So, if they're coaching on something that's new to them, then they'll need coaching, I'm sorry, they'll need training in that set of practices. And then, we want to make sure, and this is outside of the trainings that we've developed at DTL, but that coaches are trained in any kinds of tasks they're expected to do. So, for example, if you're planning on having coaches use that coaching log, they need some exposure to that and some information about how they're going to use it. Are they completing it every coaching session? Are they completing it, you know, on some other regular basis?
Who do they turn that into? How do they enter that data? All of those kinds of tasks need to be trained so that everybody is on the same page and so that you as a program can collect that data that will help inform what you do around your practice-based coaching. So, we know one of the things that DTL has developed a number of resources around that may be really helpful that we have not had at some of our previous coach trainings are materials around working with children who are dual-language learners.
And so, you know, that may be an area that your coaches need some support on so that they can support the education staff. So, there are a number of resources that are out there right now, including the Ready DLL app, the DLL Program Assessment or the planned language approach materials that can help coaches to feel more comfortable with those practices that best work for our children who are DLLs. So, one of the big things that we do in our coaching that we know is so important, and I can say this as a coach and as someone who has supported coaches, is that coaches need that ongoing support. So, some of the ways we've structured that, as I mentioned before, coaching our coaches, right?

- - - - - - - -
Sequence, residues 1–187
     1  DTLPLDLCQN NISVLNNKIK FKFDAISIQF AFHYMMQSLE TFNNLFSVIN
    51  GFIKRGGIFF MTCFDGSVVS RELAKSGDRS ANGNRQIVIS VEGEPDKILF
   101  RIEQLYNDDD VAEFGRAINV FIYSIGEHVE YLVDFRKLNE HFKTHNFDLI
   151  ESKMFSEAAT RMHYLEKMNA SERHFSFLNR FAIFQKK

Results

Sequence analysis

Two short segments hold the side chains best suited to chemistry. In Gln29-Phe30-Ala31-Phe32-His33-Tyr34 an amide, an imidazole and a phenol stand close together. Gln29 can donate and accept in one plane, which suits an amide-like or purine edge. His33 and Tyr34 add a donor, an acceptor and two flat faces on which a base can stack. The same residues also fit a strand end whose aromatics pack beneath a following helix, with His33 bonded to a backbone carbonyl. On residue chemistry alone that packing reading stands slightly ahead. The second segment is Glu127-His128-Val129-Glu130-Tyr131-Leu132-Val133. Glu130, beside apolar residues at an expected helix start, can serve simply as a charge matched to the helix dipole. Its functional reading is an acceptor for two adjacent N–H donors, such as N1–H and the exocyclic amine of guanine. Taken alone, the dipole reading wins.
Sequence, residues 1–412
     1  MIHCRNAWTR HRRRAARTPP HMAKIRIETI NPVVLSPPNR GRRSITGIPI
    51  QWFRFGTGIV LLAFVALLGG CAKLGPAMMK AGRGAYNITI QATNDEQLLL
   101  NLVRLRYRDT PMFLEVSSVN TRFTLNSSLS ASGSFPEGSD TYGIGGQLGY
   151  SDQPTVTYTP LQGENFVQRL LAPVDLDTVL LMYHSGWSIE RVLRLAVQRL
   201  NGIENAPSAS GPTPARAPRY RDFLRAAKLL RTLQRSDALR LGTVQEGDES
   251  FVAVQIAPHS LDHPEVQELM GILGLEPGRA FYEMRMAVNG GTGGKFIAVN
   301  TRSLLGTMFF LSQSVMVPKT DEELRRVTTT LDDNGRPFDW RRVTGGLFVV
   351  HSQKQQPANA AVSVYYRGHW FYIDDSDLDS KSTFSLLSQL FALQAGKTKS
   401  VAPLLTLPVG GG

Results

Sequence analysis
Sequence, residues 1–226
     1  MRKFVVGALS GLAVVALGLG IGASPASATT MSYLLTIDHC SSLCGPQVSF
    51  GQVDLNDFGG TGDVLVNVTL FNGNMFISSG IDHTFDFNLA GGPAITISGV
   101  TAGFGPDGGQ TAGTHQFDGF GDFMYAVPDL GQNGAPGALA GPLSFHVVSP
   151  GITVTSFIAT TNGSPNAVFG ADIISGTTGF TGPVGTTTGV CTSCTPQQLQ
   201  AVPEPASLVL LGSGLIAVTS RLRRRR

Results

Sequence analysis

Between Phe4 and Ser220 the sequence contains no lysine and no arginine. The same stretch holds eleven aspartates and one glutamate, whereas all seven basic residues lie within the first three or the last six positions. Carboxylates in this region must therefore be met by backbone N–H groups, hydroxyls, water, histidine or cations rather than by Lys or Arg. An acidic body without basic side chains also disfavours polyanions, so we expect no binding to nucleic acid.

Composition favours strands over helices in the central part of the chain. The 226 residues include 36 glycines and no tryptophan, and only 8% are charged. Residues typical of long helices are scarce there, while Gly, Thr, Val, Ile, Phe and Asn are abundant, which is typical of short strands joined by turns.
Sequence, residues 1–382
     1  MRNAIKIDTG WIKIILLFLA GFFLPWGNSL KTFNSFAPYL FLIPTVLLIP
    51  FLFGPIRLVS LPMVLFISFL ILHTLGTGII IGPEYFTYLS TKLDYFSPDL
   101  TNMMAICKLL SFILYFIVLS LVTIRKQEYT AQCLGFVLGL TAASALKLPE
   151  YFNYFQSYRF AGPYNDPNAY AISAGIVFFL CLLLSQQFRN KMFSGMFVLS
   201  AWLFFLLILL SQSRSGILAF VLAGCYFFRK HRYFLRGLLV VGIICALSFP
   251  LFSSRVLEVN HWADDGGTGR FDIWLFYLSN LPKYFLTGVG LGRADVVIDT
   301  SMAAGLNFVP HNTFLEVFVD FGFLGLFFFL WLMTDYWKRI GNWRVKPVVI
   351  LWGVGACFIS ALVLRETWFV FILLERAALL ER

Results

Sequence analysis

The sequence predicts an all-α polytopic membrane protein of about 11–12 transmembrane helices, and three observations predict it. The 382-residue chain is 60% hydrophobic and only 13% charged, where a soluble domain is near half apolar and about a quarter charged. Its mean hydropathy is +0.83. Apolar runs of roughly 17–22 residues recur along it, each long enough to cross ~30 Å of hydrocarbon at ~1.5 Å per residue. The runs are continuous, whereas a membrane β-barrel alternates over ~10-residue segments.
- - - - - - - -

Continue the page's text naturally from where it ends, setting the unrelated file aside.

So, we provide feedback to coaches based on their fidelity so those audio recordings, as well as their fidelity forms, but the other really important thing that we do, and, again, I can say this as a coach, is that we have regular meetings of our coaches, too. It's what we call a community of coaches. And so, that gives us an opportunity to really, you know, troubleshoot what's happening because we often see these kinds of consistent needs or consistent concerns, not necessarily with the coachees, but just with the structure. So, for example, I'm working as a coach right now on a distance model, and so we're using Zoom for our coaching meeting, but there's been a number of technology issues with that, and so having that community of coaches where we can work together to troubleshoot those things has been really, really helpful as we think through the problems and really try to address those.
So, we want to make sure that coaches have a community of coaches to share ideas, to share resources, to troubleshoot things, and one of the questions I often get about this is, "Well, we're a small program, and we only have one coach," and that definitely happens in a lot of our programs, so what I would say is, you have this webinar. You have other times where you're meeting ed managers in other programs, or you might be meeting coaches from other programs. Those coaches can work together across programs. You can build that community of coaches across programs. I would suggest reaching out. If you don't know how to get in touch with other coaches or help build that community of coaches, reaching out to your ECF and asking if they know of other coaches that might be interested in forming a group, they would be a great resource for that.
You know, I think the other thing to make sure is, one of the big things we hear from programs is that we often hear about coaching not happening as a program plan, so they might have planned for coaching to happen – their intensive coaching to happen on a two-week basis, right? So, a coach would see each coachee every two weeks, and they get to the end of the year, and they find that the coaches really only saw their coachees about once a month, not because they weren't working hard at it, but because they didn't think about the amount of time it requires for ...